Free People of Color, North Carolina, Paternal Kin

The case for the Skipps as James Henderson’s children.

1. In the 1840 census of Onslow County, James Henderson is listed twice.  First, his household includes 1 male 24-26 [James]; 1 female 10-24 [Sallie Skipp?]; 2 males under 10 [Lewis and James]; and 1 female under 10 [Mary], all colored, and is listed between Bryant Koonce and William Mills.  Second, the household composition is the same, but is listed between William Boyett and Jesse King.

2. In the 1850 census of Upper Richlands township, Onslow County:  at household #32, Jim Henderson, 35, mulatto, mechanic, in the household of B.S. Koonce, farmer; at #34, Eliza Skipp, 7, mulatto, in the household of Jesse Alphin, farmer; at #60, Jim Dove, 14, and Mary Skipp, 10, mulatto, in the household of John Humphrey, farmer; at #65, Lewis Skipp, 16, laborer, and James Skipp, 10, both mulatto, in the household of Stephen Humphrey.

3. Neither James “Jim” Henderson nor the Skipp children appear in any Onslow County census thereafter.

4. In the 1860 census of Westbrooks township, Sampson County (about – miles from Upper Richlands): at #1033, Lewis Henderson, 25, turpentine laborer, with wife Margaret, 26, and children Lewis T., 4, James L., 3, and Isabella J., 4 months; at #1038, James Henderson, 52, carpenter, wife Eliza, 25, and children Anna J., 8, Susan, 6, Hepsie, 4, and Alex, 1; at #1039, Eliza Henderson, 18, in the household of John B. Sutton; at #1113, James Henderson, 22, farm laborer, in the household of Louis C. King. (Mary Skipp/Henderson has not been accounted for.) They are the only Hendersons in Westbrooks and were not in Sampson County in 1850.

5. In the 1870 census of Faisons, Duplin County: James Henderson “senior” is listed with his wife and children, including 27 year-old James. In Brogden, Wayne County: Lewis Henderson with his wife and children.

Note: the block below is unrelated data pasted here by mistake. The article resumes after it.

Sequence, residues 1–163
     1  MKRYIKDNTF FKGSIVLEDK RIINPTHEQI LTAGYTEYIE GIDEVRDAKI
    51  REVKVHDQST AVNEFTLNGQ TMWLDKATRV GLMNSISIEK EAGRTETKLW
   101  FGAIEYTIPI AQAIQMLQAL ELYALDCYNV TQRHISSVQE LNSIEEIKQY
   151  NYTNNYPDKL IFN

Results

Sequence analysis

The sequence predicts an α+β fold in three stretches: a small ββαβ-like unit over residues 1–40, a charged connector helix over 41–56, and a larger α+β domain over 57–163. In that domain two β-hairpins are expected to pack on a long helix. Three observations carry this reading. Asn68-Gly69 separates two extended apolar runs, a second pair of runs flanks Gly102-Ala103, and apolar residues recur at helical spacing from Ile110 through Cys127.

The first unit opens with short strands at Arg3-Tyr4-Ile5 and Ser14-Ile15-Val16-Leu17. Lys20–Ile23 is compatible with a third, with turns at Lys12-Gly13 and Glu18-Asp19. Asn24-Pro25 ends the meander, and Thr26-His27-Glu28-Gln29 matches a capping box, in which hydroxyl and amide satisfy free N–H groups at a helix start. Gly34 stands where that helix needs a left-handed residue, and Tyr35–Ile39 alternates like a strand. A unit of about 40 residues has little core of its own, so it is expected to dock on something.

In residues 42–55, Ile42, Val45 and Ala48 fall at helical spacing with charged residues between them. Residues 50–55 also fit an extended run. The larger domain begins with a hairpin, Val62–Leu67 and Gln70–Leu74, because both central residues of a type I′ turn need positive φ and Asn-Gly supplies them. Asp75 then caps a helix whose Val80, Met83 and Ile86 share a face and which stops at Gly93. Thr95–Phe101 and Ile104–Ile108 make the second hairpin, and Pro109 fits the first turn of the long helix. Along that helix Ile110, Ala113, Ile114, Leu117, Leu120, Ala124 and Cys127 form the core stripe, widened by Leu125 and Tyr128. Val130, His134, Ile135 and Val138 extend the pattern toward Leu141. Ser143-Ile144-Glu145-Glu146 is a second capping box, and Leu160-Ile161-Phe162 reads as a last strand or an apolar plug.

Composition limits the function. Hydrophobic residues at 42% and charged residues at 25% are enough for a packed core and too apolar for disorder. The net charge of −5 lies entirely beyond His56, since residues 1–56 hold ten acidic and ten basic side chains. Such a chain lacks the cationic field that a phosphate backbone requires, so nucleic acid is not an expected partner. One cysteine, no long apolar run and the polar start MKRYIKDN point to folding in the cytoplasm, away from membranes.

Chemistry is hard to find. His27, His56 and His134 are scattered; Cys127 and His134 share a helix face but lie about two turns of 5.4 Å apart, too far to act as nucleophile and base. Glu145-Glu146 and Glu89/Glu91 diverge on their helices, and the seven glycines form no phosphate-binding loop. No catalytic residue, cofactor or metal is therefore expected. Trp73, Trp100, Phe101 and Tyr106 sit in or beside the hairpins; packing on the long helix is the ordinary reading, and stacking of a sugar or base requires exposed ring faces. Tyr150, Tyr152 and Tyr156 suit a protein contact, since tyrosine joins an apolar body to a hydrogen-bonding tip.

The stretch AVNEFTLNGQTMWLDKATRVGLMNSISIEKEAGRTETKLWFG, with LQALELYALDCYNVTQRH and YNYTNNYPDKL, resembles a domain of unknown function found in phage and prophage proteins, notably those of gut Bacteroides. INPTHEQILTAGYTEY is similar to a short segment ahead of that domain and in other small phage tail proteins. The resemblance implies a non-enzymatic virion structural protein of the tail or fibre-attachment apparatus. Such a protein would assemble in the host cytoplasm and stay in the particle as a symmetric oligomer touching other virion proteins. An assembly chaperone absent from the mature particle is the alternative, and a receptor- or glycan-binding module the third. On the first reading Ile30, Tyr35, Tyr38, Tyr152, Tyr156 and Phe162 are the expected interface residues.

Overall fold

6. In the 1880 census of Brogden, Wayne County, James is listed with his wife and daughters. Lewis and his family were also in Brogden township. James senior remained in Faison.

7. Lewis Henderson had sons Lewis and James and a daughter Mary. James H. Henderson had sons Lewis and Elias Lewis and a daughter Mary.

8. James Henderson died in Faison, Duplin County, on 21 June 1920, aged about 80. His death certificate listed his birthplace as Onslow County and his parents as James Henderson and Sallie Henderson.

9. My grandmother, a great-granddaughter of Lewis, recognized Elias L. Henderson as a cousin. She recognized as aunts the daughters of James Henderson by his second wife. (They were actually her grandmother’s aunts, though they were contemporaries.) She also recognized as cousins the son and daughter of James’ son John Henderson.


In other words: in 1850, four children of ages to be siblings appeared in Onslow in proximity to a man believed to be their father. One of the children, Lewis, was born approximately the same year as Lewis Henderson. Ten years later, three of the four children, now bearing their father’s surname, appeared in proximity to him in Sampson County. (Surname shifts, especially among the children of unmarried parents, were not uncommon in free families of color.) The sons, Lewis and James, named sons after one another and settled sequentially in Brogden township, Wayne County.  Most of their half-siblings also migrated to Brogden, and their descendants maintained close family ties into the early 20th century. When James “junior” died, his death certificate acknowledged his birth in Onslow County and named James Henderson as his father.